(a) Consultation is presumptively obligatory no later than the conclusion of Step 3. Evaluation will often carry a decision maker into at least the beginnings of preliminary selection, and it is important for a decision maker to remain aware of that process, and respond by seriously considering prompt consultation.

(b) Earlier consultation is presumptively obligatory in a particular case if, in the considered judgment of a reasonable person in the position of the decision maker, the momentum inherent in moving through steps 1-3 would be recognized as sufficient to significantly inhibit even though not preventing entirelygenuine consultation at the conclusion of Step 3.

(c) Earlier consultation should be considered in all cases, and engaged in where the decision maker in fact believes it feasible or perceives its utility.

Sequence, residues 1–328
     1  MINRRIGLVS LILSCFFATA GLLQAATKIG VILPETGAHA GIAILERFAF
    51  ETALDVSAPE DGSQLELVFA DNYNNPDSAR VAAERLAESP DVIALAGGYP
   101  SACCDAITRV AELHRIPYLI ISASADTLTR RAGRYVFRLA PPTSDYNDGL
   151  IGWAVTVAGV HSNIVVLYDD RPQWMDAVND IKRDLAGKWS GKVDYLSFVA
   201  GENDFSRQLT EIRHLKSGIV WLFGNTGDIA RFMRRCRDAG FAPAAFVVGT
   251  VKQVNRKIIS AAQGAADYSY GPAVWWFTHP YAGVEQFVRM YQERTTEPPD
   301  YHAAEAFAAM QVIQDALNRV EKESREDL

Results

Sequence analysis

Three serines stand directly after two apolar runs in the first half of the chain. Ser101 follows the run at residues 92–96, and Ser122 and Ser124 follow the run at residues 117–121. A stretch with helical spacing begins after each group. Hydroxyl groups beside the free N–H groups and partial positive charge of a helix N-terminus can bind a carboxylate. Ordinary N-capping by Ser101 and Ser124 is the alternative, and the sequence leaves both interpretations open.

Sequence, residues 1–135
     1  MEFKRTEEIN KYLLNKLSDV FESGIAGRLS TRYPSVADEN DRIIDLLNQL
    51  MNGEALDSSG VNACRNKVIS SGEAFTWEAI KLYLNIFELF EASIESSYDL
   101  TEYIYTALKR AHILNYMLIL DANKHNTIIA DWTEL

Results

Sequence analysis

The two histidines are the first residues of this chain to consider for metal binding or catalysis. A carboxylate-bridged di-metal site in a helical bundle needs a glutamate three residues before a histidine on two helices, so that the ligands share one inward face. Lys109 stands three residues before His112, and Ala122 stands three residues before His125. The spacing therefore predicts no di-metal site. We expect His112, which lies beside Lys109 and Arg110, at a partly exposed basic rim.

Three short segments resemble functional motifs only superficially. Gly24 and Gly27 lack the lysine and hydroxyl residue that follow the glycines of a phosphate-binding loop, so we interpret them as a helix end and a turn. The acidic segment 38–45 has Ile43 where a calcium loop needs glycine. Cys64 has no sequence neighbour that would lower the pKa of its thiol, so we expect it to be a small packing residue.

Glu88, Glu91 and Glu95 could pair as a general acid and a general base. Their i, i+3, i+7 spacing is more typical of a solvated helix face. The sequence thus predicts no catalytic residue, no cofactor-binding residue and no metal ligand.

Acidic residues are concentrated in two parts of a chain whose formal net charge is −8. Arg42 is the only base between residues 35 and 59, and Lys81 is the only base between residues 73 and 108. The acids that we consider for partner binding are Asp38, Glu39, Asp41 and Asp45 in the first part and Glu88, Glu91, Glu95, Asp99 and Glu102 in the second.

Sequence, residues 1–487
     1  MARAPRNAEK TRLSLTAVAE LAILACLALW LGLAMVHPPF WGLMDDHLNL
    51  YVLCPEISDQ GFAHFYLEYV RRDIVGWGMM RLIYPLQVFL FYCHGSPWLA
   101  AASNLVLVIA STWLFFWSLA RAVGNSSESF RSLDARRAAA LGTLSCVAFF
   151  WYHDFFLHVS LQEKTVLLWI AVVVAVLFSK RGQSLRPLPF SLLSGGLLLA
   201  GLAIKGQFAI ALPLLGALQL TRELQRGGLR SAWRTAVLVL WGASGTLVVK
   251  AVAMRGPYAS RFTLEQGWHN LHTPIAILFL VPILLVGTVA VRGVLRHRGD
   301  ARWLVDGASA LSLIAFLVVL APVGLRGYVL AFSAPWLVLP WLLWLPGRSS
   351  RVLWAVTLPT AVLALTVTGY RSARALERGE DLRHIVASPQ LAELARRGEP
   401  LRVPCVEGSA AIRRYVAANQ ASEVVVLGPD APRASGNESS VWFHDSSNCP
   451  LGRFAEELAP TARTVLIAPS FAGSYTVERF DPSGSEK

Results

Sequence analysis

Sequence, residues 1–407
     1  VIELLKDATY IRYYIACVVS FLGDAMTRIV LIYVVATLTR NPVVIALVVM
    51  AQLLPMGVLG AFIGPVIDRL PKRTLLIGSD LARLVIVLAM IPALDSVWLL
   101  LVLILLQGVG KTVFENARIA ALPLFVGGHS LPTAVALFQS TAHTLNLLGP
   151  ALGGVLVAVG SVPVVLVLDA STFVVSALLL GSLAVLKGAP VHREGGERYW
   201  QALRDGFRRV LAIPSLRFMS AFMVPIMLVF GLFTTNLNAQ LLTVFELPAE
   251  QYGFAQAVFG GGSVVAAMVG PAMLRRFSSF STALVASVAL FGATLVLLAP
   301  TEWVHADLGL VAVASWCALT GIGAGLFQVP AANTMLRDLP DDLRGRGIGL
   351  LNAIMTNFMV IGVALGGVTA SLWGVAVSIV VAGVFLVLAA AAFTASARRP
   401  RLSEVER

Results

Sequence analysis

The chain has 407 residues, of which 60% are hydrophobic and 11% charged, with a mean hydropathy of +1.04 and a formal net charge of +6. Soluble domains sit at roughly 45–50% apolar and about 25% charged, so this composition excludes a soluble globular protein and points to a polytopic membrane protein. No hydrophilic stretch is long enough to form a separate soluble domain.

(d) Consultation may be deferred, notwithstanding it being presumptively obligatory under paragraphs (a) or (b), where and only to the extent that, for concrete and specific reasons, the need for confidentiality is reasonably believed clearly and strongly to counsel against it; provided, that in such event the procedures specified in Section IV (B) shall be followed.

(e) Because a specific matter may, as noted, cycle through the process of decision making more than onceperhaps beginning, for example, as a developmental decision, but then returning to an earlier step in the sequence described above as an intermediate or operational decisionthe scope of consultation required in the succeeding stage may take account of what has been done previously.

V. Identifying the Participants in Consultation